CWS 3.0: November 2, 2011 - Vol. 3.31


Compliance: Bridging US & EU Privacy Laws

As the contingent workforce management industry continues to evolve, U.S.-based vendor management systems and managed service providers are increasingly seeing the need to gather and store data from individuals and organizations based overseas. Much of the data are being stored on servers in the U.S. And companies using their services need to ensure that their vendors are adhering to applicable laws when storing their European Union-based contingents’ data.

The European Commission’s Directive on Data Protection prohibits the transfer of personal data to non-European Union countries that do not meet the EU’s “adequacy” standard for privacy protection. While the U.S. and the EU share the goal of enhancing privacy protection for their citizens, historically the U.S. has taken a different approach to privacy.

Safe Harbor. In order to assist U.S. companies that do not have a tangible presence in the EU bridge these different privacy approaches, the U.S. Department of Commerce has consulted with the European Commission to develop a "Safe Harbor" framework intended to help companies evaluate their compliance. Further, companies can sign up for the U.S.-EU Safe Harbor program, which certifies their compliance.

The EU-U.S. Safe Harbor program provides a number of important benefits and their compliance is often seen as a contractual requirement between EU clients and their U.S. suppliers.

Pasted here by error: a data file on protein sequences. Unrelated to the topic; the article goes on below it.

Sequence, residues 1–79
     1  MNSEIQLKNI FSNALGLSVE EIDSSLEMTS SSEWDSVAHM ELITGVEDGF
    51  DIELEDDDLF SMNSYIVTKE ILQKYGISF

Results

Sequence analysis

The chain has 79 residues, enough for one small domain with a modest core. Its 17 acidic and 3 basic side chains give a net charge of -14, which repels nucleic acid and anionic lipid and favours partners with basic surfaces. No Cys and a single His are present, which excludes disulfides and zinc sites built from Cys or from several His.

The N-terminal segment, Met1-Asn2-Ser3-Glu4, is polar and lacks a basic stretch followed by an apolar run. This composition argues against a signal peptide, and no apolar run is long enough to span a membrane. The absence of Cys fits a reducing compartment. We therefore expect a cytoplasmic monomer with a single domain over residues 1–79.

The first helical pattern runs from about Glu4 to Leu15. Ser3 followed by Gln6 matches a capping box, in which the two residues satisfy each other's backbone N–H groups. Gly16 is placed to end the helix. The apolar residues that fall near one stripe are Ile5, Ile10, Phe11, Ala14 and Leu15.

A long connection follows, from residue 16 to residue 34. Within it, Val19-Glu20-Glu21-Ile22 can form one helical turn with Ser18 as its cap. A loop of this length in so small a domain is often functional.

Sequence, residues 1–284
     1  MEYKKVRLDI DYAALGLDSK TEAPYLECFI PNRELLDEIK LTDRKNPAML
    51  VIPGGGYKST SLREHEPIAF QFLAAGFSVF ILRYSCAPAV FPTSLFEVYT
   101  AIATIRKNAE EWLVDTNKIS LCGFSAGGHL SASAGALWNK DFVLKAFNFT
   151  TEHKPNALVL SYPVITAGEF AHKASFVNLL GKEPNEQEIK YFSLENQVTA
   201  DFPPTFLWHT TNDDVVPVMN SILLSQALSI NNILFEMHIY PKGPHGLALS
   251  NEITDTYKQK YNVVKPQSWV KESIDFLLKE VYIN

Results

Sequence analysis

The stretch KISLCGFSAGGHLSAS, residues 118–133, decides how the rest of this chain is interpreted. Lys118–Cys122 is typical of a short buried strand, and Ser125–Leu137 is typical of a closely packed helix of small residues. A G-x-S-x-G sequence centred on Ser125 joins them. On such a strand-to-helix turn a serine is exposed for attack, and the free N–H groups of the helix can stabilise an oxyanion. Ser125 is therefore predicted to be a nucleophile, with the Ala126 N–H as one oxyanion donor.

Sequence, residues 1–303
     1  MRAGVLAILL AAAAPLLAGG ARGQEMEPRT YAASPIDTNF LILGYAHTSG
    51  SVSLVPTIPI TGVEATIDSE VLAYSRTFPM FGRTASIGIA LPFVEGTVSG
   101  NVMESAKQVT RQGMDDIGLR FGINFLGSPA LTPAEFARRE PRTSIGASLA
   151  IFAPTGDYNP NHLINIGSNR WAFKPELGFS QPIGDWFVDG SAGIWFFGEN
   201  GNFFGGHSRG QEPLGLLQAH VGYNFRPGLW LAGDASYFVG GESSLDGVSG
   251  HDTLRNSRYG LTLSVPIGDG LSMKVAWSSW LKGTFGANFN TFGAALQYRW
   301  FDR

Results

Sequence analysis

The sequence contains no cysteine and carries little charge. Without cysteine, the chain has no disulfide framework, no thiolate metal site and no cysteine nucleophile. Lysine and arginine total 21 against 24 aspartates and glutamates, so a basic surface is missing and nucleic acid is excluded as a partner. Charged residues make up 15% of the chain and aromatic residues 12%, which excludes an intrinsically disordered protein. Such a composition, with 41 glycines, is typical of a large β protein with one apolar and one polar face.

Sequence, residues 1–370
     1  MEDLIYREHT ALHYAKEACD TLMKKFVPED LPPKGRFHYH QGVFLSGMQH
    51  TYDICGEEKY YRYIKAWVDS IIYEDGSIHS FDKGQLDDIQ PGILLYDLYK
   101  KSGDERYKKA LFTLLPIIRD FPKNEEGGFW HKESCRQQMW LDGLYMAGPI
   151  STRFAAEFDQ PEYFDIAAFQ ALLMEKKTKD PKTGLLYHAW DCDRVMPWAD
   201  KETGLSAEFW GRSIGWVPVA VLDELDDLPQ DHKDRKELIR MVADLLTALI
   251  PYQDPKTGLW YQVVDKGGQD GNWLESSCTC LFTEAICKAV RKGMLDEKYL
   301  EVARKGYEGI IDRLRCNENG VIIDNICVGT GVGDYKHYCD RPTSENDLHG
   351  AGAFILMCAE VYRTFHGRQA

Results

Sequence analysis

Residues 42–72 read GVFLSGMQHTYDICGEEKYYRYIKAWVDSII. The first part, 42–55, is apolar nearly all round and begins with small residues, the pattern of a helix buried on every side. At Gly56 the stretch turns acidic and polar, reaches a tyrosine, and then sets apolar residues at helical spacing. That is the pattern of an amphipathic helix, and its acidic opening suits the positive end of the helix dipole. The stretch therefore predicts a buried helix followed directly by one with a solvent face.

Benefits for participating U.S. organizations include:

  • All member states of the EU will be bound by the European Commission’s finding of adequacy
  • Participating organizations will be deemed adequate, which will facilitate the free flow of data from the EU to the U.S.
  • Member state requirements for prior approval of data transfers either will be waived or approval will be automatically granted
  • All claims (subject to limited exceptions) brought by EU citizens against U.S. organizations will be heard in the U.S.

The Safe Harbor Framework offers U.S.-based VMS and MSP suppliers with a cost- and operationally effective way of complying with the adequacy requirements of EU law.

The Department of Commerce maintains a Safe Harbor List to enable companies with workers in the EU to check whether their U.S.-based VMS or MSP is a participant. The list contains the names of all U.S. organizations that have self-certified to the appropriate Safe Harbor Framework.

Businesses that wish to participate in the Safe Harbor program must comply with the Safe Harbor Framework's requirements and publicly declare they do so. To be assured of Safe Harbor benefits, an organization must self-certify annually to the Department of Commerce in writing that it agrees to adhere to the Safe Harbor Framework's requirements. It must also state in its published privacy policy statement that it adheres to the Safe Harbor Privacy Principles.

Under the EU's Data Protection Directive, personal data must be "processed fairly and lawfully" and be collected for "specified, explicit and legitimate purposes and not further processed in a way incompatible with those purposes". Ensuring your U.S. based VMS & MSP suppliers fully understand their responsibility in this regard is an essential component of any international CW program’s compliance intiatives.

Martin Glick is senior associate of global compliance with Brightfield Strategies LLC, which helps Fortune 500 companies with contingent workforce strategy initiatives such as program design, VMS/MSP sourcing and selection, and global program compliance. He can be reached at


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